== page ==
Ellis’s trials and tribulations as a book publisher

A book on Kent cricket is the first from a new publishing house founded by a former Telegraph sports writer, as ANTON RIPPON reports

When Clive Ellis, the former Daily Telegraph sports writer, and ex-Kent Messenger cricket correspondent Mark Pennell decided to write Trophies and Tribulations: Forty Years Of Kent Cricket, they wondered if they would find a publisher for their effort. Then Ellis decided to publish the work himself. Now he is hoping that the book will be the flagship for a new enterprise: Greenwich Publishing.

Ellis, whose CB: The Life of Charles Burgess Fry, won the Cricket Society’s jubilee literary award in 1984, took the plunge after deciding that Trophies and Tribulations wouldn’t find a commercial publisher.

The result is a handsome hardback book that will be officially launched this evening at Waterstone’s in Rose Lane, Canterbury.

Trophies and Tribulations is the first book about Kent cricket to reflect the players’ view of events, from the Gillette Cup win in 1967 to the present day. It is about the men behind the statistics, rather than the stats themselves, and the authors have drawn on the reminiscences of a wide selection of players to present a compelling account of an era full of peaks and troughs.

Colin Cowdrey had two overriding ambitions: to lead England in Australia and captain Kent to the County Championship. The first dream was never fulfilled, but the second was realised in glorious style in 1970; it was Kent’s first championship for 57 years.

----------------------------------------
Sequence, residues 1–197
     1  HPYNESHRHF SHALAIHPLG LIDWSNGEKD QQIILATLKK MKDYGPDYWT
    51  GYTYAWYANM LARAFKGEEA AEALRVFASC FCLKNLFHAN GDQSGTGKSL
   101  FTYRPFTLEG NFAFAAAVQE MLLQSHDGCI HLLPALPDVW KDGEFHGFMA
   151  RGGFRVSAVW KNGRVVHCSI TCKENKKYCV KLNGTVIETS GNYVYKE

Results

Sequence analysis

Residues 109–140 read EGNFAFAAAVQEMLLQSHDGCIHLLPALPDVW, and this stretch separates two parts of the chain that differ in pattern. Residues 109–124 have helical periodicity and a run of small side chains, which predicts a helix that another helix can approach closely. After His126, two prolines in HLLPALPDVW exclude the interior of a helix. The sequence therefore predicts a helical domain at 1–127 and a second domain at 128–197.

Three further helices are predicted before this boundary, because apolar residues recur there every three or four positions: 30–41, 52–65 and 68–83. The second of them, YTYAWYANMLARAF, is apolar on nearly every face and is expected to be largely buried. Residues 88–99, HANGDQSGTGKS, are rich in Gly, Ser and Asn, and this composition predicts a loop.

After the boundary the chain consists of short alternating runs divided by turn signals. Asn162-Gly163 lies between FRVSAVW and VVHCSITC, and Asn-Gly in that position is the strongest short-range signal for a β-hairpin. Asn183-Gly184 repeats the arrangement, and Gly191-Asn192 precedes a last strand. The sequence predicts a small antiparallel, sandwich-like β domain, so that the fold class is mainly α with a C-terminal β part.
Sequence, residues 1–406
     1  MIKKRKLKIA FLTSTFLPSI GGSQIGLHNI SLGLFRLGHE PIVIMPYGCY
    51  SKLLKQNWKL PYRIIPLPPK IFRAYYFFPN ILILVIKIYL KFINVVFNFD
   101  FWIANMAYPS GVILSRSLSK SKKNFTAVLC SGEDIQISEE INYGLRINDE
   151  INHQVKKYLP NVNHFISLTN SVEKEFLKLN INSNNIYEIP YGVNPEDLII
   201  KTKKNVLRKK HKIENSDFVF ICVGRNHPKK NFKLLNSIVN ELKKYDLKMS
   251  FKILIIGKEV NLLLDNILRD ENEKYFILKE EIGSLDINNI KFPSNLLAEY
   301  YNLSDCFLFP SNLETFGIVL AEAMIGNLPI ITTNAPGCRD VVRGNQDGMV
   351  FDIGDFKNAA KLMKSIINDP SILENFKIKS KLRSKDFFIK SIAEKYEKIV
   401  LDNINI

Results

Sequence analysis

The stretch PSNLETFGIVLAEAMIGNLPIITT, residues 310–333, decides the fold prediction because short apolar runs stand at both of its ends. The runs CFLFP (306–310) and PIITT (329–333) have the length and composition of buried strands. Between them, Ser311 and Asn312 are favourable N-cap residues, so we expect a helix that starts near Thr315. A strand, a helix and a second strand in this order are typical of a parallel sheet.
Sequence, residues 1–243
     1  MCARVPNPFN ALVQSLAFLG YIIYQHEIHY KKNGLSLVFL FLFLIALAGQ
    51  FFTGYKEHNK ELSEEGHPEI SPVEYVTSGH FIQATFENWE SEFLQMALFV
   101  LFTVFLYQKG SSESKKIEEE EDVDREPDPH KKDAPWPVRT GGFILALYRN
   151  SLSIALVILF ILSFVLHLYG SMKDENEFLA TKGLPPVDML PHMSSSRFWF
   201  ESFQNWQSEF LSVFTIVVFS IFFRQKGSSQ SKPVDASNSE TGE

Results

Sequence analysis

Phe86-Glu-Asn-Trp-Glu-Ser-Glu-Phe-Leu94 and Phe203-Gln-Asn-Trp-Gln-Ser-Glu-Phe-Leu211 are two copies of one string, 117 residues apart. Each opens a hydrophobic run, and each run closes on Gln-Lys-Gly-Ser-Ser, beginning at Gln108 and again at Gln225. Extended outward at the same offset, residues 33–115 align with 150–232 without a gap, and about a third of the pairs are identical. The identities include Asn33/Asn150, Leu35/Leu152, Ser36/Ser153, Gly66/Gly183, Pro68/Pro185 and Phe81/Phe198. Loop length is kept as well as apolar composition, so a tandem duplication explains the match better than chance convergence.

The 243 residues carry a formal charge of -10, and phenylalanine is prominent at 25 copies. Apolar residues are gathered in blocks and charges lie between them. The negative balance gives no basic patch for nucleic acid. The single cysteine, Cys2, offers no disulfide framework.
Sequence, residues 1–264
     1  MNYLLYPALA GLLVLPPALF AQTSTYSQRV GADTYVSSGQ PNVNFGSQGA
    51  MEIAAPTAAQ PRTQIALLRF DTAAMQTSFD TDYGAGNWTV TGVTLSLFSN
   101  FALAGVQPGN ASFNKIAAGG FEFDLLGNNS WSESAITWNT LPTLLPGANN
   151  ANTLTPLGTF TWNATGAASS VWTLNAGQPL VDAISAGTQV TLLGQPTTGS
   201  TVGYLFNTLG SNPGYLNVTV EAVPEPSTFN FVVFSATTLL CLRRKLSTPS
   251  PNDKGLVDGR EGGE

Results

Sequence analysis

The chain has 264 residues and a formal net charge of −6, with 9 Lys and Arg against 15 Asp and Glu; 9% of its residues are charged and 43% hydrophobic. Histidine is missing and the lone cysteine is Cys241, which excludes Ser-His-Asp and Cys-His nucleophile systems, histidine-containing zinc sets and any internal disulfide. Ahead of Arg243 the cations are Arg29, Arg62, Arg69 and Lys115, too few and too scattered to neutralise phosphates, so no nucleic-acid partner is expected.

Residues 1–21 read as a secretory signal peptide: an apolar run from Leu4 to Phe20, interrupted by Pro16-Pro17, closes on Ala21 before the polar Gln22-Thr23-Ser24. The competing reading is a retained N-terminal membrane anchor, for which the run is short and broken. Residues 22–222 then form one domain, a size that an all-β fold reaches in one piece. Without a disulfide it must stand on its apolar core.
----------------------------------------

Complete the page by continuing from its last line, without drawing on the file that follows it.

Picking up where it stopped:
The honours kept coming – 11 in 12 seasons – but even as the trophies rolled in, the storm clouds were gathering. Cowdrey’s successor, Mike Denness, quit the club after losing the captaincy amid confusion and acrimony in 1976. Asif Iqbal became another casualty when he signed for World Series Cricket, and Alan Ealham was ruthlessly deposed in 1980.

The titles dried up and loyalties were stretched to breaking point when first Chris Tavaré was preferred to Chris Cowdrey as captain, then cast aside. Cowdrey got the job he had always coveted, but admits now that the county should have stuck with Tavaré. The last 30 years have been played out in the giant shadow of the golden era.

Both authors are well qualified to tell the story. Pennell, a former Birmingham League wicketkeeper-batsman, draws on his 16 years as the Kent Messenger Group’s cricket correspondent to offer a personal view on a period in which Kent have become frustratingly good at finishing second. A former Shepherd Neame Kent sports journalist of the year, and a regular contributor to both the Wisden Almanack and Wisden Cricket Monthly, he is now managing director of the newly established sports reporting agency Kent and Sussex Sport and still covers all of Kent’s home games for the Press Association.

Ellis, although born in Cambridge, has been a Kent supporter since the age of eight, when he adopted Derek Underwood as his hero. After leaving the Daily Telegraph he has freelanced and now looks to a new career as a publisher. “I’m very keen to see how far I can go with Greenwich Publishing,” he said. “The first book has been very enjoyable, but it’s a tough gig to combine writing with all the publishing chores.